The second alternative appellants urge is the use of input selector or "A/B" switches, which, in combination with antennas, would permit viewers to switch between cable and broadcast input, allowing cable subscribers to watch broadcast programs not carried on cable. Congress examined the use of A/B switches as an alternative to must carry and concluded it was "not an enduring or feasible method of distribution and . . . not in the public interest." §2(a)(18). The data showed that: many households lacked adequate antennas to receive broadcast signals, JSCR ¶¶ 724, 725, 768 (App. 1609-1610, 1634); A/B switches suffered from technical flaws, id., ¶¶718, 721, 738-739, 751-755, 761 (App. 1606, 1608, 1617-1618, 1624-1626, 1630); viewers might be required to reset channel settings repeatedly in order to view both UHF and cable channels, House Report, at 54; and installation and use of the switch with other common video equipment (such as videocassette recorders) could be "cumbersome or impossible." Senate Report, at 45, and nn. 115-116; House Report, at 54, and nn. 60-61; see also JSCR ¶¶746, 750, 758-767 (App. 1622, 1623, 1629-1634). Even the cable industry trade association (one of appellants here) determined that "the A/B switch is not a workable solution to the carriage problem." Senate Report, at 45, House Report, at 54. The group's engineering committee likewise concluded the switches suffered from technical problems and that no solution "appear[ed] imminent." Joint Petition for Reconsideration in MM Docket No. 85-349, pp. 6-8 (Dec. 17, 1986) (App. 1606-1607); see also Senate Report, at 45, and n. 115; House Report, at 54, and n. 60; Must Carry, Hearing before the Subcommittee on Communications of the Senate Committee on Commerce, Science, and Transportation, 100th Cong., 1st Sess., 80 (1989) (statement of Preston Padden) (App. 1608); Hearings on Cable Television Regulation, at 901, n. 84 (statement of James B. Hedlund) (App. 1608).
Congress also had before it "considerable evidence," including two empirical studies, that "it is rare for [cable subscribers] ever to switch to receive an over the air signal," Senate Report, at 45; House Report, at 54, and n. 62. A 1991 study demonstrated that even "after several years of a government mandated program of providing A-B switches [to] consumers and a simultaneous education program on their use," NAB, A-B Switch Availability and Use (Sept. 23, 1991) (App. 132) and after FCC mandated technical improvements to the switch, App. 129, only 11.7 percent of all cable connected television sets were attached to an antenna and had an A/B switch. Id., at 131. Of the small number of households possessing the switch, an even smaller number (only 38 percent) had ever used it. Ibid. See House Report, at 54, and nn. 62-63. Congress' decision that use of A/B switches was not a real alternative to must carry was a reasonable one based on substantial evidence of technical shortcomings and lack of consumer acceptance. The reasonableness of its judgment was confirmed by additional evidence on remand that A/B switches can create signal interference and add complexity to video systems, factors discouraging their use. See Declaration of Eldon Haakinson ¶¶45-54 (App. 602-609); Supplemental Declaration of Eldon Haakinson ¶¶8-10 (App. 2025-2026); Memorandum from W. Cicora to L. Yaeger et al., dated June 25, 1993, p. 5 (channels may have to be reset every time A/B switch is used) (App. 246).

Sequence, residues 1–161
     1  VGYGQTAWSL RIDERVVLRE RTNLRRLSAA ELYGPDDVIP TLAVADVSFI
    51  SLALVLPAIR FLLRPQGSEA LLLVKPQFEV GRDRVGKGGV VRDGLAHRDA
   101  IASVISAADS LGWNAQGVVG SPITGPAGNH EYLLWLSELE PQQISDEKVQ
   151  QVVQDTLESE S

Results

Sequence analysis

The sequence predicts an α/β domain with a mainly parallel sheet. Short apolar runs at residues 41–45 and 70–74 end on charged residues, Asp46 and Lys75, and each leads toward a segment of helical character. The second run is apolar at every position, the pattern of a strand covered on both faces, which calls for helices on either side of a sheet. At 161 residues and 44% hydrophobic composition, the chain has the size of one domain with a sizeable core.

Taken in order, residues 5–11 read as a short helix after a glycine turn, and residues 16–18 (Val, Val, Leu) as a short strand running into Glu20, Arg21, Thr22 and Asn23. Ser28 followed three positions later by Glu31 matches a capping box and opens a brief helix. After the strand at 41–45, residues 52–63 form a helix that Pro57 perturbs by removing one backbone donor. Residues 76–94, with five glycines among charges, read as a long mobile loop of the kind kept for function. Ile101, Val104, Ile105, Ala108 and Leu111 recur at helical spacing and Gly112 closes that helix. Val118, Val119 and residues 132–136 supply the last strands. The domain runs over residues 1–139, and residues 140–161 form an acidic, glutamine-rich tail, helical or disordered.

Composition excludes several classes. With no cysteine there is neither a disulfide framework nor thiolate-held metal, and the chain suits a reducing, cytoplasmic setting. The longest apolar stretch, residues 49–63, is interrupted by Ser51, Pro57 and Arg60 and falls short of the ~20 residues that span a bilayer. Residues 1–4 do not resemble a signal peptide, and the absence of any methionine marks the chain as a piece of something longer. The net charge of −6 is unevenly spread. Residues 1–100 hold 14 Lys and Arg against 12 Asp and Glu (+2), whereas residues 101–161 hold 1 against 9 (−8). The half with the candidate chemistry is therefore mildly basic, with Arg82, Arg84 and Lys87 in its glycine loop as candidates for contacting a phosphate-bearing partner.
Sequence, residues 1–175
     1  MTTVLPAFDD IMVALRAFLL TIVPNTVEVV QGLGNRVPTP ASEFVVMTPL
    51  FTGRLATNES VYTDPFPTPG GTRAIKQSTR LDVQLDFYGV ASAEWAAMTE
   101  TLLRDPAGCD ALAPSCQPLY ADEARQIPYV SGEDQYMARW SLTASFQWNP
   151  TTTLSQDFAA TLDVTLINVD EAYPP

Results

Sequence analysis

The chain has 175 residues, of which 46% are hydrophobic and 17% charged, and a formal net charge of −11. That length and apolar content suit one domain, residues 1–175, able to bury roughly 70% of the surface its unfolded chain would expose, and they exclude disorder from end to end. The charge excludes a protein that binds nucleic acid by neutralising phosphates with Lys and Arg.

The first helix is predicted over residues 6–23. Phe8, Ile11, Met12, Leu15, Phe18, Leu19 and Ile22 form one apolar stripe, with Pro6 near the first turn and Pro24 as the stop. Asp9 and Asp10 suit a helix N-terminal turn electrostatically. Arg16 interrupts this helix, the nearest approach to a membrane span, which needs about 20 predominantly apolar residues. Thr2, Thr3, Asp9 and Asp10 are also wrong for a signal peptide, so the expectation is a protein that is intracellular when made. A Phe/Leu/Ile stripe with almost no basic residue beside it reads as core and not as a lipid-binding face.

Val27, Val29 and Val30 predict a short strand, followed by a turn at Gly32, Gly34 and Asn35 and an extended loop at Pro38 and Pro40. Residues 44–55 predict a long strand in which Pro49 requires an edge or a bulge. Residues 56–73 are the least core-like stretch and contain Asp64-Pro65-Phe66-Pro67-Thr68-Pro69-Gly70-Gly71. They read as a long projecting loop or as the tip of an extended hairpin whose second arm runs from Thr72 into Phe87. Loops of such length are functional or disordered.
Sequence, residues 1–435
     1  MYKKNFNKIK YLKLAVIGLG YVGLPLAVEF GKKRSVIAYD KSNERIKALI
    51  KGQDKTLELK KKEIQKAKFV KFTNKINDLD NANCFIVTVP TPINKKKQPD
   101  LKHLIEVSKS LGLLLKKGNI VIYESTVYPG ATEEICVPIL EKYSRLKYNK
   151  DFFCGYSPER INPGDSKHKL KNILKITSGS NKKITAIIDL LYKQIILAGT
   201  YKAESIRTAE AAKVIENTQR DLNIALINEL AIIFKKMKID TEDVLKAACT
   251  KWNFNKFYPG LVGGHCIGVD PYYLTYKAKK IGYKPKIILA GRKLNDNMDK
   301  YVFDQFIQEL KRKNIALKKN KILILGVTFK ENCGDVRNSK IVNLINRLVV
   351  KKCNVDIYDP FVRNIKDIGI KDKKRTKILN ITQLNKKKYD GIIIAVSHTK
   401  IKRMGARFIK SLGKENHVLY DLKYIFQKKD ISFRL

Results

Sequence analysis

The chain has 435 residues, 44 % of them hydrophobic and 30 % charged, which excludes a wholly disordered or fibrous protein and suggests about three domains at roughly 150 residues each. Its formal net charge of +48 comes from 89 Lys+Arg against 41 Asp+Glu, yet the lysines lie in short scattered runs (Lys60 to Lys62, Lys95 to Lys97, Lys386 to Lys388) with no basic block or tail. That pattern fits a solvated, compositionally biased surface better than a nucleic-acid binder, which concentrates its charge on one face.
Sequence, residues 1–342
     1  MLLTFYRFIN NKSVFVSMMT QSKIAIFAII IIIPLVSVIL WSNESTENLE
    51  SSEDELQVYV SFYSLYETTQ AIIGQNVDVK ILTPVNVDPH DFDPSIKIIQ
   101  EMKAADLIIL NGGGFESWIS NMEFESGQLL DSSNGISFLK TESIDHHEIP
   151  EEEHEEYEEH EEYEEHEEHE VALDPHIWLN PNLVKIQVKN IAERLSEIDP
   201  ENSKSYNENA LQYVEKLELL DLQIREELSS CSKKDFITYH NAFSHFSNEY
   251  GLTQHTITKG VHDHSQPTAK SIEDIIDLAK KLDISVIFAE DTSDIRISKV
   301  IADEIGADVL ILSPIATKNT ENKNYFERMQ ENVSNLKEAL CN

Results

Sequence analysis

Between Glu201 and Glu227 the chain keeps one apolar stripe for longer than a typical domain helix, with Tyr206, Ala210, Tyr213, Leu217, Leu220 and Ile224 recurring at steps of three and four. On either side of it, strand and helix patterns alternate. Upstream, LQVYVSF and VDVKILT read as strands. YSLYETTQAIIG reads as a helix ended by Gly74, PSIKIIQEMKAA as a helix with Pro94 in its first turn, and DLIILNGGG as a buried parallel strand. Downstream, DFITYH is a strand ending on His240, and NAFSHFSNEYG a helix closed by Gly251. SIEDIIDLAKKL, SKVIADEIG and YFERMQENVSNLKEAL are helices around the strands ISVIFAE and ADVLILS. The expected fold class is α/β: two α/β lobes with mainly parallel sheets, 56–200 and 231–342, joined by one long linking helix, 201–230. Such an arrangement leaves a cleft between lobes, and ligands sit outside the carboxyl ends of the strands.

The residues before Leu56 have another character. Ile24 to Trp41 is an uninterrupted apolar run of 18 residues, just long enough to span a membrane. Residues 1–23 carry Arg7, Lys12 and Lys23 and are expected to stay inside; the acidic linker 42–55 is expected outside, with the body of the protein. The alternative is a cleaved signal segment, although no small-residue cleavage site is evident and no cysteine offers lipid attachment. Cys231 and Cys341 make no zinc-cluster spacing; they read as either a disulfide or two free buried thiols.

Appellants also suggest a leased access regime, under which both broadcasters and cable programmers would have equal access to cable channels at regulated rates. Turner Brief 46-47. Appellants do not specify what kind of regime they would propose, or how it would operate, making this alternative difficult to compare to the must carry rules. Whatever virtues the proposal might otherwise have, it would reduce the number of cable channels under cable systems' control in the same manner as must carry. Because this alternative is aimed solely at addressing the bottleneck control of cable operators, it would not be as effective in achieving Congress' further goal of ensuring that significant programming remains available for the 40 percent of American households without cable. Indeed, unless the number of channels set aside for local broadcast stations were to decrease (sacrificing Congress' interest in preserving a multiplicity of broadcasters), additional channels would have to be set aside for cable programmers, further reducing the channels under the systems' control. Furthermore, Congress was specific in noting that requiring payment for cable carriage was inimical to the interests it was pursuing, because of the burden it would impose on small broadcasters. See House Report, at 51; Senate Report, at 43, 45. Congress specifically prohibited such payments under the Cable Act. 47 U.S.C. §§ 534(b)(10), 535(i).
Appellants next suggest a system of subsidies for financially weak stations. Appellants have not proposed any particular subsidy scheme, so it is difficult to determine whether this option presents a feasible means of achieving the Government's interests, let alone one preferable to must carry under the First Amendment. To begin with, a system of subsidies would serve a very different purpose than must carry. Must carry is intended not to guarantee the financial health of all broadcasters, but to ensure a base number of broadcasters survive to provide service to noncable households. Must carry is simpler to administer and less likely to involve the Government in making content based determinations about programming. The must carry rules distinguish between categories of speakers based solely on the technology used to communicate. The rules acknowledge cable systems' expertise by according them discretion to determine which broadcasters to carry on reserved channels, and (within the Cable Act's strictures) allow them to choose broadcasters with a view to offering program choices appealing to local subscribers. Appellants' proposal would require the Government to develop other criteria for giving subsidies and to establish a potentially elaborate administrative structure to make subsidy determinations.